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Byblos Cafe

Byblos Cafe

6 Park Road,

0141 339 7980

Price Rating: 1

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Price Ratings

£ – inexpensive
££ – mid-price
£££ – expensive
££££ – very expensive



Homespun welcome

Review published on 12/08/2013 © Sunday Herald

So here we are, eating a super-fresh tabbouleh salad full of parsley and bulgar wheat, chunks of sweet onion and lemon. Then come the flatbreads: made, folded and stuffed with cheese – or laid flat out and coated with spiced mince – by the family who run this cafe. But how did we get here, when we’re supposed to have been on the other side of the city, eating Spanish food instead of Lebanese?

Well ... call it Groupon fatigue. Or discount downer. We went in the other place, stood at the door, waited and waited. And waited. Eventually someone came through from a bar area and asked us if we wanted to eat and if so what discount vouchers did we have. Groupon, Itison, he ran though them all. And we had none. Not a one.

But you know what? Apparently, even when everyone else is paying half-price – and we could see their vouchers at the till – we could still pay full-price. If we were in the mood. Tonight we weren’t so we upped and left. Politely, of course, apologising even, and after a quick tour of the new places in town came tumbling in here just because it looked busy and bustling.

That great tabbouleh later, one of those manakish flatbreads served up on greaseproof paper and we are into the mezzes. Loubleh b’zelt – yes, copied the spelling from the menu – turns out be a delicious simple stew of green beans and potatoes. Kebbe Lamb is crispy, fried meatballs with a dash of lamb and more than a dash of bulgar wheat. The spicy lebanese sausages called Soujouk are less of a success, largely because they seem to have come limp and super-heated straight from the microwave. But the okra stew is lovely and full of fresh coriander.

The decor in here is simple, with a big window out front and a handful of tables spread around the walls. The front door is open and warm evening air is coming in. There’s a counter facing us with drink cans piled into the chilled bit and bags of crisps laid out beside the till. Looks a bit odd, but we won’t hold that against them. The music starts off with an irritating techno buzzy headachy thing, but seeing the raised eyebrows at the tables the young boy in charge of the remote control switches it to something less annoying.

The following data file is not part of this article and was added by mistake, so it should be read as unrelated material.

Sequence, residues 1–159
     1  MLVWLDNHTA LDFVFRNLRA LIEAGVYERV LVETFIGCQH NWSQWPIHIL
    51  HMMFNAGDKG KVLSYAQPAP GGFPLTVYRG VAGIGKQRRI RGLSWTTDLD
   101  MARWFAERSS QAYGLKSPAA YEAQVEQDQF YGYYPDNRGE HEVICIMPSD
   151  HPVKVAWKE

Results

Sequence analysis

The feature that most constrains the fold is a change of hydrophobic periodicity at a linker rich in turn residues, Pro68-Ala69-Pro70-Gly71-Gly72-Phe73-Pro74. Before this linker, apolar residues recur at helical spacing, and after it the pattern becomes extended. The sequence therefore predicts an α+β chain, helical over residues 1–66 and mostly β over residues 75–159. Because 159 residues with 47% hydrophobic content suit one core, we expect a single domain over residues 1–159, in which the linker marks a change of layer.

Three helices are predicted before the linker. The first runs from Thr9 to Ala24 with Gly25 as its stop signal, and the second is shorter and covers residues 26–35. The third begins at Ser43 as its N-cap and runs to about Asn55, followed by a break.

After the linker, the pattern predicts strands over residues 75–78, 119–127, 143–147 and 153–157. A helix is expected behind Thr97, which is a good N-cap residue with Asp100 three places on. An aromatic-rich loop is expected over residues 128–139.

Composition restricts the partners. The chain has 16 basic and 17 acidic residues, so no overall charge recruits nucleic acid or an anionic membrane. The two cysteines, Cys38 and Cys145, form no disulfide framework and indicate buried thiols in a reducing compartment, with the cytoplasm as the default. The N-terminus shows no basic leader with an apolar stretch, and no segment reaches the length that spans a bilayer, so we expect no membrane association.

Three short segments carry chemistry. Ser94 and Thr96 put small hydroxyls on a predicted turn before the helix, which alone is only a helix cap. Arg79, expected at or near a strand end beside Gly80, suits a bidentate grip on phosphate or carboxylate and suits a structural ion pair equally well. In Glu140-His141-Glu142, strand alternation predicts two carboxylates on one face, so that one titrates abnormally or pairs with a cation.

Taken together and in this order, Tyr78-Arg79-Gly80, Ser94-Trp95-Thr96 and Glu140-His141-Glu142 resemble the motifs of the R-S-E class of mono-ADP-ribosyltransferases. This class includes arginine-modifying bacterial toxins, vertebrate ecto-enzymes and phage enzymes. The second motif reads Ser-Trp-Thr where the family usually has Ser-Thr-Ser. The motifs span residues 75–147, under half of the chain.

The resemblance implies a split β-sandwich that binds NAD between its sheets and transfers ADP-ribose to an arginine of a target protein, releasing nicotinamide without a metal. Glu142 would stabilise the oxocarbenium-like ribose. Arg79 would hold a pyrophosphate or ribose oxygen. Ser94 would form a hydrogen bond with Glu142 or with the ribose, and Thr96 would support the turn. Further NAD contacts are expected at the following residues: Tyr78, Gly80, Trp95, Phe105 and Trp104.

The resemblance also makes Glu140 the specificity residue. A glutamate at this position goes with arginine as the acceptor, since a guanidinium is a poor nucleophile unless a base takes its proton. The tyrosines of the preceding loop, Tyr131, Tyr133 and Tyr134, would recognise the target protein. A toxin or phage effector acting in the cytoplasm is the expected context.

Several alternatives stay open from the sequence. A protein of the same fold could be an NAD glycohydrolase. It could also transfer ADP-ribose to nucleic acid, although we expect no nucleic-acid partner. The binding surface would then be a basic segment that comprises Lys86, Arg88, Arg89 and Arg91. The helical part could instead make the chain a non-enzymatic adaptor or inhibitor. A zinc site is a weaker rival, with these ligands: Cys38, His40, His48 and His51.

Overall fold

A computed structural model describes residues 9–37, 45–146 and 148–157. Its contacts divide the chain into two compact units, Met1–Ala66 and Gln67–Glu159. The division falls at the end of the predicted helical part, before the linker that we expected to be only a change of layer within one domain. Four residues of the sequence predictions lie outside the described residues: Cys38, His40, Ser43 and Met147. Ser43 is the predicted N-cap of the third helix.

Now for the bit where we get to meet the whole family. This is because we thought we had ordered two of Combo Platter Number One with its two hot and one cold mezze, its main dish and drink for £12.99 and one or two extras. And the mum and the dad in the kitchen thought we had ordered everything on the menu. Or it feels like that as the second plate of six dolmades comes out – and actually the first weren’t that great. Also on the table is a huge plateful of very good crispy chickpea falafel with tahini sauce, pickled vegetables and all the trimmings. There’s a so-so fattoush salad and a chicken shawarma wrapped in flatbread and served with garlic sauce and even more shawarma on a plate with rice and salad.

A quick word on shawarma: it contains seven spices specially imported from Lebanon, or so the dad will tell me in a few minutes. It still tastes like fried chicken bits to me. Anyway. A halt is called to the kitchen production. First the mum then the dad are over at the table going over our order. Eyes are looking crossly at the person who took the order. Is it his fault? Well, maybe. No. We weren’t exactly clear. An easy mistake to make. So the bill is adjusted very heavily in our favour and we’re all great friends. Not that it was ever going to be expensive anyway at the discount-free prices in here.